A couple is into their fourth day of marriage after their wedding Saturday was sidetracked. 

The ceremony was set to take place at Squilchuck State Park until the Beehive Fire forced everyone to evacuate. 

Image of Sage Hills Church wedding group after fire evacuation from Squilchuck State Park from Chelan County Emergency Management,
Image of Sage Hills Church wedding group after fire evacuation from Squilchuck State Park from Chelan County Emergency Management,
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But the wedding still took place after moving to the Red Cross shelter for evacuees at Sage Hills Church in Wenatchee. 

Chelan County Emergency Management sent out congratulations to the couple on social media. 

The Beehive Fire was contained in about four hours by the Wenatchee Valley Fire Department and the forest service.  

There were Level 3: Go Now evacuation notices in place for several hours beforehand.  

It is unclear to what extent - if any - air support was required. The exact acreage of the fire is also not known. 

It is known that the couple, which did not disclose their names to Emergency Management, was able to complete their nuptials at Sage Hills Church.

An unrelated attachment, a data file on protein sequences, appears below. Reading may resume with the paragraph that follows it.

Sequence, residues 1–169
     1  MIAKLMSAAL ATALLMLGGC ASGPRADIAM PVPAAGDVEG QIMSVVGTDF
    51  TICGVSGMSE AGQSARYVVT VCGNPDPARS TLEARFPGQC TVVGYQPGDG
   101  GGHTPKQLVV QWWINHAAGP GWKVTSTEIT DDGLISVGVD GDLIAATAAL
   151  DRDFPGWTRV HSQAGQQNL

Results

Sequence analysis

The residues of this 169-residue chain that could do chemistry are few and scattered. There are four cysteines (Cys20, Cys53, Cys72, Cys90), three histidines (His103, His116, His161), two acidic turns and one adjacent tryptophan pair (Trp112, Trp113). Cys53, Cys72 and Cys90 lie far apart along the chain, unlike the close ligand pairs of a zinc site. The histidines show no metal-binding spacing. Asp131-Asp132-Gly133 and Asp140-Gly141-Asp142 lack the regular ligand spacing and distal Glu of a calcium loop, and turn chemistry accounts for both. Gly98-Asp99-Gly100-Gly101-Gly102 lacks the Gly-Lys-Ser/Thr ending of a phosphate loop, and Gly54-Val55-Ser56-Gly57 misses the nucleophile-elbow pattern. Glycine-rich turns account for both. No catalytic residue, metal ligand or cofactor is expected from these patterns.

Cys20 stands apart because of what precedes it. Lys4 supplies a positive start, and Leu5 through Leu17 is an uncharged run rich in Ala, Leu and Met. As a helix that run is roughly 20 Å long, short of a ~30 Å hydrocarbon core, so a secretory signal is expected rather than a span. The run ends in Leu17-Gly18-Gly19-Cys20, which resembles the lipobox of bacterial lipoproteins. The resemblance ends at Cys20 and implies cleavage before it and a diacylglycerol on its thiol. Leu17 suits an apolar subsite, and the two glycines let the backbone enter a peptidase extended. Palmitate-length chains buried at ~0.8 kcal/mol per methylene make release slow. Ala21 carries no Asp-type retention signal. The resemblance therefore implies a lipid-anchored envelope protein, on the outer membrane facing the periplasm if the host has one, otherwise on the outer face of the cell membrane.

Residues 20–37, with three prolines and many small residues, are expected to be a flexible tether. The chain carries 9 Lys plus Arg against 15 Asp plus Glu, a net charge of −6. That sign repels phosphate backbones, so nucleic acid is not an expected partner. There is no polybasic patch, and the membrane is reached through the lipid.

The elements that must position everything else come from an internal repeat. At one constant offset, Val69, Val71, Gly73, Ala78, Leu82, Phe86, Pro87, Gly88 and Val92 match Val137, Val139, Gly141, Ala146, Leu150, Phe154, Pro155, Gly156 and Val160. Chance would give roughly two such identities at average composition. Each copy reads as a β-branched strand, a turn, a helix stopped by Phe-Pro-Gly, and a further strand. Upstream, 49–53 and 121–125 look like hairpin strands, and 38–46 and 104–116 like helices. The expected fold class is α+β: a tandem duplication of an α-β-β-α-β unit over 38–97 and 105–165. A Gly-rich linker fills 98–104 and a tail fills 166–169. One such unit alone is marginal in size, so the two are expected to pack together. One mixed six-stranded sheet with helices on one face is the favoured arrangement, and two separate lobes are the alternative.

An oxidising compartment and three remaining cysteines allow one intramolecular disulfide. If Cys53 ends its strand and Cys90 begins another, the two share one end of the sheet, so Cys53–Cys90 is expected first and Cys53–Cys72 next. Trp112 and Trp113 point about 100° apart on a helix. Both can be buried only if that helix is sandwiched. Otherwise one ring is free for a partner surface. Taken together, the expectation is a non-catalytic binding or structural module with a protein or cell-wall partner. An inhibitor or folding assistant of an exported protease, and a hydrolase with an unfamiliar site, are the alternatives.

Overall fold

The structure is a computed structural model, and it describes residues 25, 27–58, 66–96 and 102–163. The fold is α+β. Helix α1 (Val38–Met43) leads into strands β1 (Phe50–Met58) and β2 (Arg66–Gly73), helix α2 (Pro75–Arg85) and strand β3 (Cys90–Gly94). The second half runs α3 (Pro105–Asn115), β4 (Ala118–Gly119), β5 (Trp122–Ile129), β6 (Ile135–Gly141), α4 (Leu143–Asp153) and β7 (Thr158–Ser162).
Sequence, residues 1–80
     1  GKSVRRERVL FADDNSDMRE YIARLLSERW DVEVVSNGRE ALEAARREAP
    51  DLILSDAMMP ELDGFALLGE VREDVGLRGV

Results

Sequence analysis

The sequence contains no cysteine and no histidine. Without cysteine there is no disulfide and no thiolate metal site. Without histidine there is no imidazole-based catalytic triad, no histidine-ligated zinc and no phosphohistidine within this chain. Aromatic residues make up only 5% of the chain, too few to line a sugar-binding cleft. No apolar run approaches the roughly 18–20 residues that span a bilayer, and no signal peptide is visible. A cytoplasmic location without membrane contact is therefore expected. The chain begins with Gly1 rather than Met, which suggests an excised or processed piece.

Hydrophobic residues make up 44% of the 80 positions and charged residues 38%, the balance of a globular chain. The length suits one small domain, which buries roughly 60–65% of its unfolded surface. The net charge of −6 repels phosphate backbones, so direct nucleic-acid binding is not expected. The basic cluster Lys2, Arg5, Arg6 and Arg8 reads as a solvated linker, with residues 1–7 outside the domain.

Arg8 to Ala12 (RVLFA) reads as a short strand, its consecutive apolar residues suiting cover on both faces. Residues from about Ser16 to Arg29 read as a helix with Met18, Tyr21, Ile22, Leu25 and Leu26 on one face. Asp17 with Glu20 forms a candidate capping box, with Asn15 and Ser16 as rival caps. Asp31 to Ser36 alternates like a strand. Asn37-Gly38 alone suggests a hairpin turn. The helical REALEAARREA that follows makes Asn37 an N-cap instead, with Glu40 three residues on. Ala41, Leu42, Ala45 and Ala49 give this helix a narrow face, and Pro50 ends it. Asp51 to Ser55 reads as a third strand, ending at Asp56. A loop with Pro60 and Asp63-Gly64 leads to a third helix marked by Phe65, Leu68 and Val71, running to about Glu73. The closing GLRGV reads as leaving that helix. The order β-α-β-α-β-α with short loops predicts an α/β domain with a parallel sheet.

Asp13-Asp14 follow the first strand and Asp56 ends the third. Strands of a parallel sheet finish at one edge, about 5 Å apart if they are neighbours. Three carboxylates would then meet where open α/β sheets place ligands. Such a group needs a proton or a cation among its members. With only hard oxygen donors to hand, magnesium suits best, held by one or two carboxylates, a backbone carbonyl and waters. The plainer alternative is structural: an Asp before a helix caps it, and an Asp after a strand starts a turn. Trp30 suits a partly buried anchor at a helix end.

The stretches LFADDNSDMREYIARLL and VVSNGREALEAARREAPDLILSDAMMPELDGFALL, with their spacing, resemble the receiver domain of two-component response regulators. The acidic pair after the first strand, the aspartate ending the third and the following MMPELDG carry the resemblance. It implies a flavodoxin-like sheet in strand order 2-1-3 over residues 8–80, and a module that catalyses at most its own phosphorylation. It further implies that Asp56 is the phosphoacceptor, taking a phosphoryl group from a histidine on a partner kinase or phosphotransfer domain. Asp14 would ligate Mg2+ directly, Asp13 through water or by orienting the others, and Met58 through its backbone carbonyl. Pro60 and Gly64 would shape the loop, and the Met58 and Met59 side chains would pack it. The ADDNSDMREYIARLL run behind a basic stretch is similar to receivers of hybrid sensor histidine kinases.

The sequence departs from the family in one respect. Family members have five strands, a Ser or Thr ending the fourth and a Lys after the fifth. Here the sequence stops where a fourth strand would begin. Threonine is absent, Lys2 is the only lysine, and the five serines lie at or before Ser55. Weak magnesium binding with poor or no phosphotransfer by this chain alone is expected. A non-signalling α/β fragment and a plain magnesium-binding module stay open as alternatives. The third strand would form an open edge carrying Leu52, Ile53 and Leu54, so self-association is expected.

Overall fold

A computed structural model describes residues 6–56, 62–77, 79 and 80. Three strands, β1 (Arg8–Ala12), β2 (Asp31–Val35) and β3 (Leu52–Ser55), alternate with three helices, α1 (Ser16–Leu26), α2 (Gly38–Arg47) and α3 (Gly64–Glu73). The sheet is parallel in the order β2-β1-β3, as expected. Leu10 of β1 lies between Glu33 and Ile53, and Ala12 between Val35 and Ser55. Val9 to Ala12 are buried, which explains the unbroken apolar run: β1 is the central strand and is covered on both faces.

A photo provided by Emergency Management shows the couple at the center, surrounded by wedding participants in the top row and Red Cross members and church volunteers in the bottom row. 

Emergency Management seemed happy to report the successful marriage despite the fire. 

"This will be one exciting story to tell every July 6 for the couple," read an Emergency Management posting on social media. "Dare we say it? There is a real spark between the newlyweds!" 

It's also not known how the couple is spending their honeymoon after the adventurous wedding.

Counties with the worst droughts in Washington

Washington State is continuing its drought emergency into 2024, citing low snowpack and hot, dry forecasts. Here are the counties most affected by drought, based on data from the U.S. Drought Monitor to identify the counties in Washington with the worst droughts in the week leading up to April 30, 2024.
Note: "Abnormally dry" is not considered to be a drought, but is included as a separate data point.

Gallery Credit: Jaime Skelton

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